The recent struggle in Major League Baseball (MLB) between owners (employers) and workers (players) illustrated once again how big corporations are driven only by the bottom line (profits). Consider that when you go to the store and balk at high prices; corporations are cashing in on this moment of anxiety by jacking up prices for no reason other than greed.
What is more American than baseball? Not much--and not just because it’s our national pastime; it also has a lot to teach about how our economy works.
Over the last few weeks, the MLB was embroiled in a battle that is becoming more and more familiar in countless workplaces. That battle was pitting team owners against the players in a model that speaks to how the US economy functions (or not).
Consider the math: MLB revenues have soared from $8.2 billion in 2015 to over $10.7 billion in 2019--a 30 percent increase. At the same time, players’ salaries have decreased by 6.4 percent, with the average salary declining from $4.45 million to $4.17 million during the span of the current collective bargaining agreement.
While the MLB has some complicated factors in terms free agency, arbitration, and teams with differing revenue streams, the upshot is still about how much of the profit will be shared with players vs. kept with owners. In fact, owners have indicated that they are only willing to give an increase based on inflation to players while players insist that their salary increases should be commensurate with revenue increases.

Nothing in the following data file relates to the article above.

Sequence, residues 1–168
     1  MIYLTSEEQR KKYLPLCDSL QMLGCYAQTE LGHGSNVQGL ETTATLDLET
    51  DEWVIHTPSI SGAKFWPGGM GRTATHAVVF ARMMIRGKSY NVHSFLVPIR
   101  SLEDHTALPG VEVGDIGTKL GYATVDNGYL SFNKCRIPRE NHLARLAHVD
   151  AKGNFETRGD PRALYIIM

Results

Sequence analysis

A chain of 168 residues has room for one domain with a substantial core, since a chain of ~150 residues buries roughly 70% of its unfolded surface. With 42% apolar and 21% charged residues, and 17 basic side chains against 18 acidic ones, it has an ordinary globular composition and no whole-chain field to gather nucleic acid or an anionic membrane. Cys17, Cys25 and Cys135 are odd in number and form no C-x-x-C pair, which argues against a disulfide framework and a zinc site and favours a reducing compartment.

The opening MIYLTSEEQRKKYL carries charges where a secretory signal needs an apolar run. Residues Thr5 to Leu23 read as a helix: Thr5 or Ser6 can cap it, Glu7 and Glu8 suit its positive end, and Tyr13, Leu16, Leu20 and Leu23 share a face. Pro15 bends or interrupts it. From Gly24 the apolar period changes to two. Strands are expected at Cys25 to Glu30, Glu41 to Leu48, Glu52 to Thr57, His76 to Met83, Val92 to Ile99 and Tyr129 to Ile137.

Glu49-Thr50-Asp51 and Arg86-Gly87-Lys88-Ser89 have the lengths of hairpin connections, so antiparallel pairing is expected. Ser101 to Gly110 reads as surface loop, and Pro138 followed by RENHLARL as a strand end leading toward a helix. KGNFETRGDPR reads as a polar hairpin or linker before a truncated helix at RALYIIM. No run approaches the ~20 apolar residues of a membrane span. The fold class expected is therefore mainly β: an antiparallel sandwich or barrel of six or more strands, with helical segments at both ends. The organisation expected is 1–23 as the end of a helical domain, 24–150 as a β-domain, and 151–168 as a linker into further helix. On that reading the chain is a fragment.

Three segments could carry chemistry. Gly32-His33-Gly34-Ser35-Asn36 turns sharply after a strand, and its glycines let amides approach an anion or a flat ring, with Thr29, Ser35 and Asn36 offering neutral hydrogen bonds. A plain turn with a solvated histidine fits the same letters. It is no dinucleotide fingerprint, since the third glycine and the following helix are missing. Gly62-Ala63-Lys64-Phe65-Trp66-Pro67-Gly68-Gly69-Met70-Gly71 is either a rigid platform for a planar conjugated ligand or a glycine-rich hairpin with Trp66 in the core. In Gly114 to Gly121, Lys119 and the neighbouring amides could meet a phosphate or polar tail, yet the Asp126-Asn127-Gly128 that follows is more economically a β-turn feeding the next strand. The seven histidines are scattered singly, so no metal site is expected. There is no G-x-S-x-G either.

The MLB players association sums it up quite well:
- “… Sure, the top 1 percent or so are receiving plenty of money, but salaries for the middle class are not growing commensurate with the at-times explosive growth of the sport’s revenue over the past few decades. A system that works for those at the top does not automatically or even usually work for those at the bottom.”
Workers are standing up for rights, compensation, and dignity
It’s not just baseball, as we all know. Across the country-- from baristas to tech workers to dance choreographers--similar scenes have been unfolding, with workers squaring off against Corporate America to have a voice in the workplace, a share of the profits, and better working conditions. So, what’s going on?
For too long now, Corporate America has seen labor as a cost to be minimized or even eliminated (through automation or offshoring) rather than as a partner and frankly, an investor in the business.
In fact, if you want to know how a business works, ask the workers. They provide their “investment” in a business through their labor, and often understand the business and its operations in a way that investors never can. Yet, they are often sidelined when it comes to discussing how to move the business forward and improve its operations, efficiencies, and services.
Instead, workers should be seen as stakeholders who have much to gain from a company’s success and even more to lose from its failure. Rather than listening to its workers and rewarding them for their success, corporate America has declared war—fighting efforts to unionize, to give workers a seat on their Boards, a voice in their workplace and their fair share of the profits.